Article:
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Rifle cartridges are not the most effective mechanisms for producing high projectile speed. Other things work much better. The 120mm smoothbore main gun on the M-1 Abrams tank fires a depleted-uranium penetrator rod at least 5,700 fps. (I’ve also heard 6,300 fps from someone who was in a position to know.). The Navy’s Rail Gun, which employs electric current rather than gunpowder, gets over 8,000 fps with its projectiles.
With rifles, alas, you run into the limited ability of brass cartridges to withstand pressure, of shooters to withstand recoil and muzzle blast, of bullets to withstand super velocities, and barrels to withstand the heat of hellish powder charges. In 1935, with the introduction of the .220 Swift and its muzzle velocity of 4,110 fps with a 48-grain bullet, we pretty much peaked.
Today, you can get a Swift up to 4,300 fps without blowing it up, and a very few rounds can hit 4,500, but the quest for ultra-velocity in rifles has come to a grinding halt. If we do crack the 5,000-fps barrier, it will probably be done with something other than gunpowder and bullets.
But it was fun while it lasted. Here are the speed demons that I know about.
1. The .220 Swift
To create this cartridge, Winchester necked down a case of breathtaking obscurity called the 6mm Lee Navy, which had been very briefly adopted by the U.S. Navy and Marine Corps for the straight-pull M 1895 Lee rifle. Neither rifle nor cartridge was a success, and they were dropped in favor of the .30/40 Krag-Jorgensen, which did not last long, either.
The case is a big one for a .22 centerfire, and it is semi-rimmed. The Swift required Winchester to design bullets that would stand up to extreme speed. (I’ve seen Swifts liquefy lead cores; the targets were sprayed with it. I’ve also seen bullets literally vaporize a few yards from the muzzle.) Because barrel life was so short, Winchester turned to stainless, and discovered that you couldn’t blue stainless steel, so the tubes had to be iron-plated and then blued.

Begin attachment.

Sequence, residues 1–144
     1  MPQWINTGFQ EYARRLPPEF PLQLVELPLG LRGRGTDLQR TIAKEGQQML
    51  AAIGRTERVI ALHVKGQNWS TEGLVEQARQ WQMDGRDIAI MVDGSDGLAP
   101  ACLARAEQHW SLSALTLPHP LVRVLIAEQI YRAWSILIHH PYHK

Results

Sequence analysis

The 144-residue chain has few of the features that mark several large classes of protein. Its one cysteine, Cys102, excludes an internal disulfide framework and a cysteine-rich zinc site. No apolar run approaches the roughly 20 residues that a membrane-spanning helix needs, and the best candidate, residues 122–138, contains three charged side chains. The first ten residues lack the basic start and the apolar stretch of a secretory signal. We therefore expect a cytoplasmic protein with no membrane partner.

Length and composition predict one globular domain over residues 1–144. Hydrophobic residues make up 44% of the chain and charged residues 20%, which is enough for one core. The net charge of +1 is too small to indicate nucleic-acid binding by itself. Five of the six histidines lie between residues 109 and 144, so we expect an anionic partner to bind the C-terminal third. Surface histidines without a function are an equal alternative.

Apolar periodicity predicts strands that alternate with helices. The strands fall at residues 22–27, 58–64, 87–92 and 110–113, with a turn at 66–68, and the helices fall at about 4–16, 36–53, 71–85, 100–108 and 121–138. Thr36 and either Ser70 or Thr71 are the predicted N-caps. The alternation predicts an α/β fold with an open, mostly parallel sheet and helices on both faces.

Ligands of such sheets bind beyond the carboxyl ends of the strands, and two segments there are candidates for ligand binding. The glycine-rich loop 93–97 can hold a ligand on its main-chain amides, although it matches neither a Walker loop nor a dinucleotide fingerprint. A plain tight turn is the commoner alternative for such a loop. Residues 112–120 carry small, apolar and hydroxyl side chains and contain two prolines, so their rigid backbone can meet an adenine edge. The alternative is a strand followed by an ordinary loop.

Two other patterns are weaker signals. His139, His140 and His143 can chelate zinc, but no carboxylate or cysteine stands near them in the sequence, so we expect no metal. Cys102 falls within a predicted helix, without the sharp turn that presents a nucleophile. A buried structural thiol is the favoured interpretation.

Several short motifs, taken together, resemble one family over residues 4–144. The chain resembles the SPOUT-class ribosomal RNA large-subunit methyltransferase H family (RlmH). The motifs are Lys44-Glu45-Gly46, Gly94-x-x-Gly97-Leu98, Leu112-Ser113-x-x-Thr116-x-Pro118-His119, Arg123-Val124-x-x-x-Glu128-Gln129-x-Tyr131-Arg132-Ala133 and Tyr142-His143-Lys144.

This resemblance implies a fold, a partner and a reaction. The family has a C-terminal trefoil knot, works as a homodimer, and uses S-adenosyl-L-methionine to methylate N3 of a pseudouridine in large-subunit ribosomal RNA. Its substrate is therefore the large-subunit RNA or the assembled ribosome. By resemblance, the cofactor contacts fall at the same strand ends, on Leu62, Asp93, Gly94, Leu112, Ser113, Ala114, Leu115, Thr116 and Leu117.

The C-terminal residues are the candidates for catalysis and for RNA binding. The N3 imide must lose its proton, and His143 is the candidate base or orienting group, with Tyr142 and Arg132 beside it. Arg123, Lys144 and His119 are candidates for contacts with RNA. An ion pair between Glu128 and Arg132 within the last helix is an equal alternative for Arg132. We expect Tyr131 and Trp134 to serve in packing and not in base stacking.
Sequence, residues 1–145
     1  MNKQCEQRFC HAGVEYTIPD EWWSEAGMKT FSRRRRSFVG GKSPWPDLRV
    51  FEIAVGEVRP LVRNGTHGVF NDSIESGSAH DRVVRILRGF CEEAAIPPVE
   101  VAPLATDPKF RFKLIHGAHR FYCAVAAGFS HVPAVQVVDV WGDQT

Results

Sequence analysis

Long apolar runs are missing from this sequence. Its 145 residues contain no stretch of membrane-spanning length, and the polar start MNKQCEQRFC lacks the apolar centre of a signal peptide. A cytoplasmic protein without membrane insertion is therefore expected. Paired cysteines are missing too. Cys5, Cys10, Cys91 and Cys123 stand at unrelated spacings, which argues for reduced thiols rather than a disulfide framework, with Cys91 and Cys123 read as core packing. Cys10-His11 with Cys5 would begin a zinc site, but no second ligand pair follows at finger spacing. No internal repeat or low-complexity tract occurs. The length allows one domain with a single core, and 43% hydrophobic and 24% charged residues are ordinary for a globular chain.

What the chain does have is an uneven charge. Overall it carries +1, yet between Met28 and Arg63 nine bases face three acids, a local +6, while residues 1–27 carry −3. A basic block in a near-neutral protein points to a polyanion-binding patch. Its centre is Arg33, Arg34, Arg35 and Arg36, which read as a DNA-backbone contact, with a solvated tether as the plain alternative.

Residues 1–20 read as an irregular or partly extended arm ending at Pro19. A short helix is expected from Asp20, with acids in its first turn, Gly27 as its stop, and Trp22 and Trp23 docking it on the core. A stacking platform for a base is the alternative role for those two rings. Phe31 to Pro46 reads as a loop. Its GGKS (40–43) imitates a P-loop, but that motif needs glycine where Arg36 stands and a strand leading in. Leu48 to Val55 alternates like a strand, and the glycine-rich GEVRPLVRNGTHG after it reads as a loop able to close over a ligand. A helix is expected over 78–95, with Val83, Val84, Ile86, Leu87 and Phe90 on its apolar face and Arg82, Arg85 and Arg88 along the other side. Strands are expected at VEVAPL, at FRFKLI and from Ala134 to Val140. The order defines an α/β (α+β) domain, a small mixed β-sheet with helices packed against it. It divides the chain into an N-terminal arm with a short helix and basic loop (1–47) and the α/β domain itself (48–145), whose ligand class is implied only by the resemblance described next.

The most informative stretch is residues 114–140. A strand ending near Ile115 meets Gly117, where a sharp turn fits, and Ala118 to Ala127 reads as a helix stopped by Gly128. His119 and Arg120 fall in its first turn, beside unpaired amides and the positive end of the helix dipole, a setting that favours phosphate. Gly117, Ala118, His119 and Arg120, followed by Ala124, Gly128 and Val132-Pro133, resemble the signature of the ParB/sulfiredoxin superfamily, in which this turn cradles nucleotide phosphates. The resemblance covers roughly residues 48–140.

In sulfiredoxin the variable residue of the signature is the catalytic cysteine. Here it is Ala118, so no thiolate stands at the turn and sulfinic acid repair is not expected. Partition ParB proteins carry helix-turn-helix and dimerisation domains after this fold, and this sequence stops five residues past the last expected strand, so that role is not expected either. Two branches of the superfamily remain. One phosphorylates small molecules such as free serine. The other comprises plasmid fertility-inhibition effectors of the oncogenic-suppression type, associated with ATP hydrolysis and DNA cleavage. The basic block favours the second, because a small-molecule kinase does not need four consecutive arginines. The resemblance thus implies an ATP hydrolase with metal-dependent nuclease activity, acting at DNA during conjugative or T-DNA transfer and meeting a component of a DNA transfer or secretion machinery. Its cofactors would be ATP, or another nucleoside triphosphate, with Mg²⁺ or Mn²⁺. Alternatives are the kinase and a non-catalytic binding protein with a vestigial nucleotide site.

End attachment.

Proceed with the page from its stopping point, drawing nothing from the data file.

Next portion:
Gun writers, not knowing what to make of the Swift, decided that it was creepy, unnatural, and dangerous, and printed nonsense about it by the ream. But the Swift survived because it’s a hoot to shoot, very accurate, and presents no more problems than any other cartridge. I had a very good one for a long time, and my chosen load fired a 50-grain bullet at 3,900 fps and change. I recall that I could load 40-grainers to 4,300. If you’re looking for a light-kicking big-game rifle that kills like electrocution, load a Swift with 60- to 70-grain bullets.
2. The .257 Weatherby Magnum
Like the Swift, this is an ancient round that has held up astonishingly well. Designed by Roy Weatherby in 1944 and offered for sale a year later, it was his favorite of his entire line, and when called upon to cite the virtues of hypervelocity, this was the cartridge he cited.
Based on the H&H Super 30, it is typical of all the Weatherby Magnums in that it has very little body taper, a sharp, radiused shoulder, and gobs of powder capacity.
I got my first one (there have been several; I own a very pretty one at the present) in 1965, when I was a woodchuck hunter, and I discovered that the cartridge was to pasture poodles as the A-bomb is to warfare. Weatherby rifles had 24-inch barrels then, and mine gave 3,750 fps with an 87-grain Hornady bullet.
It is, frankly, too much for varmints and is best used on big game at long range, where it has few equals. The best bullets, I’ve found, are 115- and 120-grain Nosler Partitions at 3,400 fps. Recoil is surprisingly light, considering how much powder is involved, but the report is severe, and barrel life is pretty short.
3. The .30/378 Weatherby